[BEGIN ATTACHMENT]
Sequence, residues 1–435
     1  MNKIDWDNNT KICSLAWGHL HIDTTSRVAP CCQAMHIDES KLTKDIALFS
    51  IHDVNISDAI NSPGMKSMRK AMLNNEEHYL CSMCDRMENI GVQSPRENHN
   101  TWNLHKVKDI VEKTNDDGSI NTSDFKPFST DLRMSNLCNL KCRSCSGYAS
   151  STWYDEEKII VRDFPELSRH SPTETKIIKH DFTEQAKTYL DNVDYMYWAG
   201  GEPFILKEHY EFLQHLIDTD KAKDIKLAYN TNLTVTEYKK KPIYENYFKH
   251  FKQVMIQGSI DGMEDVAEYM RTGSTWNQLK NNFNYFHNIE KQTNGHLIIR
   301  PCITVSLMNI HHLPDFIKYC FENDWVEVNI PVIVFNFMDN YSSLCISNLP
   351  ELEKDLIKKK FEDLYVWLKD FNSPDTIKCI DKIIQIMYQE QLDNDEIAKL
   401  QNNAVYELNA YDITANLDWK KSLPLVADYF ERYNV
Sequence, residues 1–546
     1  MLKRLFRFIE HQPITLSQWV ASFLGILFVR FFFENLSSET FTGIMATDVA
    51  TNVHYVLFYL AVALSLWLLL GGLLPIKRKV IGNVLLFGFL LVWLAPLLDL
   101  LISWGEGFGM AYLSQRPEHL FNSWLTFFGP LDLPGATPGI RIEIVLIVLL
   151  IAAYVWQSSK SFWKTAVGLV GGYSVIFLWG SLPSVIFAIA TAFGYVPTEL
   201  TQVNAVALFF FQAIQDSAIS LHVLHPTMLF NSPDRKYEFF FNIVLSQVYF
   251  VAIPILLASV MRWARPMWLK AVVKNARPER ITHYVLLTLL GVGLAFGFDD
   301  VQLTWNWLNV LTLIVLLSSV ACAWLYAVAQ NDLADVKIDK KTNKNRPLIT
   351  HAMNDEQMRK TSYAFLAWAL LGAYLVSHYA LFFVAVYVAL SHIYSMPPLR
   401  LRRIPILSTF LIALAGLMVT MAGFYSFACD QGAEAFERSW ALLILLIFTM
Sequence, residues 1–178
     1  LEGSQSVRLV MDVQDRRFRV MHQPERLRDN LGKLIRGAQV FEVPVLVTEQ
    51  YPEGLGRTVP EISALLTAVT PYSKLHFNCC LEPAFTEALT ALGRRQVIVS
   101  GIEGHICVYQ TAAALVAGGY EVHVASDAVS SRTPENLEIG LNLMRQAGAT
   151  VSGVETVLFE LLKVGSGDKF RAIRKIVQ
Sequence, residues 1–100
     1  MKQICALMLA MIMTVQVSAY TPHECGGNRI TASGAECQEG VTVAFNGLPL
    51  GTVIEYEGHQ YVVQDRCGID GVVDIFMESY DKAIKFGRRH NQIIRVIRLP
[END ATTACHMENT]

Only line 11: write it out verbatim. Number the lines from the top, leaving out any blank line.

Sequence, residues 1–546